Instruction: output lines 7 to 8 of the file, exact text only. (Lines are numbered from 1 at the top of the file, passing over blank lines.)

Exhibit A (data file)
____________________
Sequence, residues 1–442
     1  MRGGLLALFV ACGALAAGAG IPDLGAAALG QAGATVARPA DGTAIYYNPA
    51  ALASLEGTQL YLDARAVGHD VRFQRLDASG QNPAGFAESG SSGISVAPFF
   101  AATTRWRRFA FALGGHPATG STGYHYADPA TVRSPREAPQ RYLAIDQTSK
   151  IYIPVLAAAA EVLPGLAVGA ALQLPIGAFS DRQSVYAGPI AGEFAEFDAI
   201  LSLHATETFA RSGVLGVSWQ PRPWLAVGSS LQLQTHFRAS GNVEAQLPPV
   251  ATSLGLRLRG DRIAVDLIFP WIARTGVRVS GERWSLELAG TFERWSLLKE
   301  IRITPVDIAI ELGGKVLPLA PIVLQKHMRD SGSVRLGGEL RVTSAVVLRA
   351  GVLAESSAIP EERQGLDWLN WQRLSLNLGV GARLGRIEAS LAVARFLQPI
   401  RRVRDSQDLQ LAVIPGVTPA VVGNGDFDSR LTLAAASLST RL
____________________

   251  ATSLGLRLRG DRIAVDLIFP WIARTGVRVS GERWSLELAG TFERWSLLKE
   301  IRITPVDIAI ELGGKVLPLA PIVLQKHMRD SGSVRLGGEL RVTSAVVLRA